Updated: Apr 19
In 1980, Donald Grey Barnhouse released a book entitled The Invisible War, a biblical exploration of the colossal conflict between good and evil which takes place in the spiritual and mental realm of believer’s life. Barnhouse’s book accentuates the writing of St. Paul to the Ephesus congregation,
For we wrestle not against flesh and blood but against principalities, against powers, against the rulers of the darkness of this world, against spiritual wickedness in high places.” Ephesians 6:12
Things have not changed much for Christian believers since Barnhouse’s seminal study. On the cusp of a new millennium, faith is dwindling, belief in something, anything, is on life support. Probe the religious foundation of ten different people as to what they cherish as “belief”, and you will get ten different responses.
This is nothing new. The Bible warns of a falling away from the faith on the heels of the advance of secularism.
Spirit expressly says that in later times some will depart from the faith by devoting themselves to deceitful spirits and teachings of demons. 1 Timothy 4:1
This phenomenon is acutely felt among black Christians, though it has managed to slip under the radar of public consciousness and conversation. But as cultural attitudes shift, book ended by the global pandemic and the precipitous rise in inflation, black religious faith is facing perhaps its most daunting period in American history.
While African Americans have historically outranked other demographics in religious practice, attendance and belief, evidence is mounting that this could be changing – and for the worse!
According to polls, black America is becoming increasingly if not deliberately less religious at a time in our peculiar American experience in which we need faith now more than ever. And while there may be a multitude of factors which help to explain this trend, a more subtle hint lies beneath: the slow and steady climb of African Americans who are disassociating from a religious foundation.
We are witnessing the rise of the nones – the percentage of black Americans who cite “none” as a religious category or who claim no religious affiliation.
Consider these recent statistics:
The proportion of Black adults who say church involvement is overall “desirable” is on the decline, from 90 percent in 1996 (71% “very” + 19% “somewhat”) to just 74 percent today (44% “very” + 30% “somewhat”).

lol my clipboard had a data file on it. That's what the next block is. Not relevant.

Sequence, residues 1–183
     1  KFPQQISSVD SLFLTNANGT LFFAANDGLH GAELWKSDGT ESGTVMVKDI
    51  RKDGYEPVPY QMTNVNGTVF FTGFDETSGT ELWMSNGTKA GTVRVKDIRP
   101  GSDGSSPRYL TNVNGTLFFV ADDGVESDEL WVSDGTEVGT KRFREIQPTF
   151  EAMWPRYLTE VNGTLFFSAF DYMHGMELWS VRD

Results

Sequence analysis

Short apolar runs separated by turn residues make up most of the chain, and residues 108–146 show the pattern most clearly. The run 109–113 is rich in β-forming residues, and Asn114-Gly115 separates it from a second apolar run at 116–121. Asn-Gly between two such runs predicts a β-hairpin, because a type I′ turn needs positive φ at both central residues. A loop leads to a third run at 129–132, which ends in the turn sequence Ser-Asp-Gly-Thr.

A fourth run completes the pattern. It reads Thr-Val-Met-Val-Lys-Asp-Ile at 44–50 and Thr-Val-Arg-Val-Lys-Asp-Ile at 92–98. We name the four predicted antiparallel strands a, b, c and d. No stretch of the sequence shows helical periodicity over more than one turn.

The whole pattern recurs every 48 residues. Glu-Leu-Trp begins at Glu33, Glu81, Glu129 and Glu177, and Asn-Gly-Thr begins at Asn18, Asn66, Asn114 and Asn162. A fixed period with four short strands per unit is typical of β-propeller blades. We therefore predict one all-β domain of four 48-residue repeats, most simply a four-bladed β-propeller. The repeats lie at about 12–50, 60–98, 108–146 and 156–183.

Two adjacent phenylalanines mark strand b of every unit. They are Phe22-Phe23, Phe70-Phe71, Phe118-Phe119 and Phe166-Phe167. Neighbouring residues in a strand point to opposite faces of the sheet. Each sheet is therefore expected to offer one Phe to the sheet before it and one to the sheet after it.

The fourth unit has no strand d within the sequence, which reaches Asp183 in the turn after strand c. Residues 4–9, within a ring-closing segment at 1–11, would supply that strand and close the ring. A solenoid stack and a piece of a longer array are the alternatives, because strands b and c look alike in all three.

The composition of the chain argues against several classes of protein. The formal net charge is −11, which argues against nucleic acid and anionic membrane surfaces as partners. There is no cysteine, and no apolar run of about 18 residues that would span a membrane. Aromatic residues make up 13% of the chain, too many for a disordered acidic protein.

Another poll shows that 34.9% of blacks identified as “nones” in 2020 – up from 19.5% in 2008 (Cooperative Election Study).
30% of all Black Americans claim the descriptor “spiritual not religious”. And to add to all of this, consider that when most of the African Americans who are leaving religion behind, they are not necessarily clinging to agnostic or atheist perspectives, as African Americans represent just 4-6% of these categories respectively. Now, it is easy to suggest that the above statistics and others do not really portend any monumental spiritual crisis or that said statistics merely represent a drop in the proverbial bucket. That is, until you consider what’s being revealed at the core of our faith at its crisis point and how those tremors portend a greater disturbance. For example,
Overall, African Americans are 20% more likely to experience serious psychological distress compared to the rest of Americans ~Pew Research
In California alone, the rate of suicide for Black teens has doubled since 2014 after a years-long lowering compared to White and Asian teens.
Emerging from the global pandemic places far more financial, mental, and psychological stress on African Americans compared to other ethnic groups, especially when five common stressors of occupation, finances, relationships, racial bias, and violence are added to the mix. ~National Library of Medicine
This we know for certain: the battle for belief is a battle for the mind. It is our way of thinking, our mental dictate, that determines our whether we remain faithful to God. Paul writes,
“But I am afraid that as the serpent deceived Eve by his cunning, your thoughts will be led astray from a sincere and pure devotion to Christ.” 2 Corinthians 11:3
It is not the advance in mental “illness” as much as it is the dearth of mental toughness as we struggle to adjust “mentally” in a physical environment. We are witnessing an assault on the senses and this assault is resulting in a steady yet troubling rise in spiritual casualties.
So, what to do? Or, in the immortal words of Dr. King, where do we go from here? How does this impact us? What does it mean for the future of black faith and religious experience?
I will address this in a future article.
Pastor W. Eric Croomes Ministries Faith Influencer. Executive Director: The Charley and Dorothy Croomes Foundation. Creator of the Watch Your Life Series. I speak about the excellency of His name in all the earth and how that transforms our reality. articleshashtag#wellnesshashtag#stronglifehashtag#lifestronghashtag#fitnesshashtag#empowermenthashtag#goallthewayuphashtag#bodymindspirit